The triggers and symptoms of anxiety vary widely from person to person, but many people experience shortness of breath when they feel anxious.

Shortness of breath is a common symptom of anxiety. As with other anxiety symptoms, it can be concerning, but it is ultimately harmless. It will go away when the anxiety lifts.

Feeling short of breath can make a person feel more anxious. They may suspect that they are having a breathing or heart problem, when in reality, they are noticing a symptom of anxiety.

In this article, we explore the link between anxiety and shortness of breath, which doctors call dyspnea. We also look at other possible causes of shortness of breath.

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When a person feels anxious, they tend to feel restless, wound-up, irritable, and unable to concentrate. In some cases, anxiety is linked with panic-like symptoms, which can include:

  • shortness of breath or rapid breathing
  • increased heart rate
  • sweating
  • chest pain
  • feelings of impending doom

Anxiety and panic have associations with fear. They can lead to behavioral and physiological changes that prepare the person to defend themselves against a threat.

The brain is wired to react to fearful situations with a fight or flight response. The heart rate increases to pump blood to the organs faster, which readies the muscles for action.

It also causes a person to breathe more quickly to provide more oxygen to the muscles. The result can be shortness of breath.

When a person comes to a doctor with this symptom, they first rule out physical causes, such as breathing problems or heart problems.

Everyone feels anxious from time to time, but for some people, anxiety significantly gets in the way of daily life.

Generalized anxiety disorder (GAD) affects 3.1% of people in the United States in any given year. It is more common in females than males.

People who experience frequent panic attacks may have panic disorder. An estimated 2–3% of people in the U.S. experience panic disorder each year, and it is twice as prevalent in females.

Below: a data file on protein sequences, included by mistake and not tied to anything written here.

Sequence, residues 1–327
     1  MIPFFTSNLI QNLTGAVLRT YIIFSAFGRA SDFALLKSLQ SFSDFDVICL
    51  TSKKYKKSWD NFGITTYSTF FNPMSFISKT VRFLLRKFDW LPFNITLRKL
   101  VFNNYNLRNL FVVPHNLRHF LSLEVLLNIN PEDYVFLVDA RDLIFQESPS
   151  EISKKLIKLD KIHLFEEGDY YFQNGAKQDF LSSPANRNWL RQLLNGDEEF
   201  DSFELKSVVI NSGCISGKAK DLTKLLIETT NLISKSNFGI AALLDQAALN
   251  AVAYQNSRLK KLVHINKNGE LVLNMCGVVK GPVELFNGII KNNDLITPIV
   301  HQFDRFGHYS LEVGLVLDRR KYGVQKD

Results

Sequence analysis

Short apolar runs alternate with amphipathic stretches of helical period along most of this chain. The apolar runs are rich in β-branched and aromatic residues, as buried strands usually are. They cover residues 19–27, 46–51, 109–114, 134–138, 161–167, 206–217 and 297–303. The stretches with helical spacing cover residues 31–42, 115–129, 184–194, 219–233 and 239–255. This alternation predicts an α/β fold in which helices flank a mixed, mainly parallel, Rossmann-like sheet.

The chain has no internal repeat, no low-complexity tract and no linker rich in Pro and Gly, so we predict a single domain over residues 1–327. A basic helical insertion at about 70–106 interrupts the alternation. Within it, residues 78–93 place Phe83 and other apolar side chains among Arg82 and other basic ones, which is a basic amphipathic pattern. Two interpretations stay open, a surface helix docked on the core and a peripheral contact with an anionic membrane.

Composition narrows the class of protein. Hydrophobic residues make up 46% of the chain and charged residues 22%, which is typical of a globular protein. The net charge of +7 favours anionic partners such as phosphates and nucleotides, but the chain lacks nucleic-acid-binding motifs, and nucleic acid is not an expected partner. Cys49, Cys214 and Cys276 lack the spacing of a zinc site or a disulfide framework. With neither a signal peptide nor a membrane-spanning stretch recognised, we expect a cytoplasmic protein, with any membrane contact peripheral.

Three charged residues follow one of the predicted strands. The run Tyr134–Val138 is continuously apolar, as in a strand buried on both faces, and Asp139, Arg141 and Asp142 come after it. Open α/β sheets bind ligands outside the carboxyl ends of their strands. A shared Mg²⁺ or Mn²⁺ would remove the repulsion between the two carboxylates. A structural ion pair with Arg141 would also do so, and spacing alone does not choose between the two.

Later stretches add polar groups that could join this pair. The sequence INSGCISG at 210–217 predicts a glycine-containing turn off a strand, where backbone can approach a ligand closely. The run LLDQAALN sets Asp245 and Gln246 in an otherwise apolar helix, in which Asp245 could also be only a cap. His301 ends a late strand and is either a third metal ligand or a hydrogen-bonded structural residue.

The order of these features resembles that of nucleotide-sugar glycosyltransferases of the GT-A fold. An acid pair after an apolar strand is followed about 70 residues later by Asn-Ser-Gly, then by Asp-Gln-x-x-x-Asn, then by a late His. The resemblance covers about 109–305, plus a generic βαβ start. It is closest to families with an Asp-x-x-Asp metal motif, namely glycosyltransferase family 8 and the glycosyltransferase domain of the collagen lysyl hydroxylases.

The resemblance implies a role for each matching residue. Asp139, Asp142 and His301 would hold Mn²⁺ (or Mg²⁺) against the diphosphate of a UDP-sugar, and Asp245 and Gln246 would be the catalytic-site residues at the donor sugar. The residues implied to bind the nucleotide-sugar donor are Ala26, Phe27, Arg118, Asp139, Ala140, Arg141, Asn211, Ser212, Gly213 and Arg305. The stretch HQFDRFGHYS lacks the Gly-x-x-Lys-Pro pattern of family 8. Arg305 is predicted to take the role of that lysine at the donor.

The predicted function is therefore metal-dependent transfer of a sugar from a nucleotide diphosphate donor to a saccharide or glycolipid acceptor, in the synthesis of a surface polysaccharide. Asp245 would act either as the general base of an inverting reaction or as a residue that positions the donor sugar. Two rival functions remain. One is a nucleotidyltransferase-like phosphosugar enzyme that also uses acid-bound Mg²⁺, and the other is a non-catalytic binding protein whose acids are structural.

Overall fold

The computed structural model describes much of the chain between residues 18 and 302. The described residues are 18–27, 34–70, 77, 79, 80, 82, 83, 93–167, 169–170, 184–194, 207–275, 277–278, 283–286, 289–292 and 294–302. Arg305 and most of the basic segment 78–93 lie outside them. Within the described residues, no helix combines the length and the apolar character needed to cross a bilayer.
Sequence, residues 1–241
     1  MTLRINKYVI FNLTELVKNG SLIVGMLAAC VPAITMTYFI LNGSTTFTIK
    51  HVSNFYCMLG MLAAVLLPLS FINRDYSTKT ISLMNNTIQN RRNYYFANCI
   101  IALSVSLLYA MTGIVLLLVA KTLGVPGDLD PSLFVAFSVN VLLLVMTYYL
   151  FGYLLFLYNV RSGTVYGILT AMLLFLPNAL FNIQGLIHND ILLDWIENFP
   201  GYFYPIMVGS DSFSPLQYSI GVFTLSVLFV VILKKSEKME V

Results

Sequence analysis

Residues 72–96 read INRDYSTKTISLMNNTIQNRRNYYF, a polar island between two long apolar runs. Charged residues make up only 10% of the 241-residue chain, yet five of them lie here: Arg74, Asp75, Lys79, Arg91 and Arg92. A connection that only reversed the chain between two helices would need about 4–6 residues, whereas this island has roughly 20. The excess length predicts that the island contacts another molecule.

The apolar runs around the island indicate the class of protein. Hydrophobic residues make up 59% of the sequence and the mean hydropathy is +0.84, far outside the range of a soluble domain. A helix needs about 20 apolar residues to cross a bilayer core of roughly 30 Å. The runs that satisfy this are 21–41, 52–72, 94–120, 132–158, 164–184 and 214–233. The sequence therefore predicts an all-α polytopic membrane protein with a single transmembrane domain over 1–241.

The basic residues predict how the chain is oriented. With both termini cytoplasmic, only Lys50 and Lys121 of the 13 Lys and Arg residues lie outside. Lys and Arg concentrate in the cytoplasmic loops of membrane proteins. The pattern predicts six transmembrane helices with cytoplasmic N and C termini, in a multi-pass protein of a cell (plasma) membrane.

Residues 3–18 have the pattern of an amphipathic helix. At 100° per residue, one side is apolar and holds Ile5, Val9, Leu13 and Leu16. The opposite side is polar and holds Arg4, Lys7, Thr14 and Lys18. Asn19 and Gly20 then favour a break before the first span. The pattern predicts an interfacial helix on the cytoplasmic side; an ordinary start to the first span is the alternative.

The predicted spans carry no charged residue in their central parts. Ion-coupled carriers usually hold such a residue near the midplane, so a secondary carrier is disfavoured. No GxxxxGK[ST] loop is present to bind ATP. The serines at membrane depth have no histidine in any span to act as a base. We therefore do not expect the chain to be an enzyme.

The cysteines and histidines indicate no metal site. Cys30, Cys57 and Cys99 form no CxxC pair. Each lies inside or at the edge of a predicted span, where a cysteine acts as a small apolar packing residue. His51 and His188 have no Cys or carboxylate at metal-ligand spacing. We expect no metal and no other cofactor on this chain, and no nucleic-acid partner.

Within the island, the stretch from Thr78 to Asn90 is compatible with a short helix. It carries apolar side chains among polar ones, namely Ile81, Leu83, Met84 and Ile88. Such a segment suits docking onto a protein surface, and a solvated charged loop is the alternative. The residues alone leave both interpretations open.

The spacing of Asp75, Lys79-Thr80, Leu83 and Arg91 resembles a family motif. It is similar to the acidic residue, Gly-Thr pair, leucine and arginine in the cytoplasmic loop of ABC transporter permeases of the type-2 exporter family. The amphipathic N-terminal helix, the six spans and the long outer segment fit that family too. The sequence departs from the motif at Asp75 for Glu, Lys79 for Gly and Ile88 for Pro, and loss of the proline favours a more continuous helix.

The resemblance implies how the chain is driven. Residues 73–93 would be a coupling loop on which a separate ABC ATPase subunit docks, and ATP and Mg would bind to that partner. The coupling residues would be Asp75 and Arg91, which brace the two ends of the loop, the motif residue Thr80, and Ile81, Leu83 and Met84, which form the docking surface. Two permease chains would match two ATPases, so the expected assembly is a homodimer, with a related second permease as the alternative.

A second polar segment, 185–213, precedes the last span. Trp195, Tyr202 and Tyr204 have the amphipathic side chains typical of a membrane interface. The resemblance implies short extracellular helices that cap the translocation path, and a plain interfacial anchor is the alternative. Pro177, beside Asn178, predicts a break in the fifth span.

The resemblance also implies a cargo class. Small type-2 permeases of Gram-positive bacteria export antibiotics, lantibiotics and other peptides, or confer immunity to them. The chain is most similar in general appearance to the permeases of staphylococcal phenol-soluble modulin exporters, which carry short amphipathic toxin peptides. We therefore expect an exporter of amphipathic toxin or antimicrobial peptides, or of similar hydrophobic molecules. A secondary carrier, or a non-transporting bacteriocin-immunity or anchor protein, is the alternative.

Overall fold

If anxiety or panic is the cause, the doctor may recommend some relaxation methods or breathing techniques.

In some cases, a doctor may recommend medication or therapy to help manage the symptoms.

When a person is experiencing anxiety, it can be difficult to tell whether the anxiety or another health issue is responsible for the symptoms. This can be especially challenging when the symptoms are severe.

Shortness of breath is one symptom that people with anxiety may experience, but not everyone with anxiety has difficulty breathing.

Anxiety can cause a range of physical and psychological symptoms. These include:

  • dry mouth
  • increased heart rate
  • dizziness
  • sweating
  • chills
  • nausea
  • diarrhea
  • shaking
  • muscle tension
  • rapid breathing
  • chest pain
  • a choking sensation
  • a fear of losing control
  • agitation — feeling jittery or frustrated
  • frightening thoughts, mental images, or memories
  • poor concentration
  • confusion
  • poor memory
  • difficulty speaking

Doctors diagnose GAD using criteria from the fifth edition of the Diagnostic and Statistical Manual of Mental Disorders. Shortness of breath is not one of these criteria, but it can occur with GAD.

People with panic disorder or panic attacks may experience shortness of breath, as well. It is a symptom that doctors use to diagnose panic disorder.

Panic attacks bring on extreme anxiety symptoms, such as a feeling of doom or a fear of dying. Other symptoms can feel similar to those of a heart attack.

How does a panic attack feel different from a heart attack? Find out here.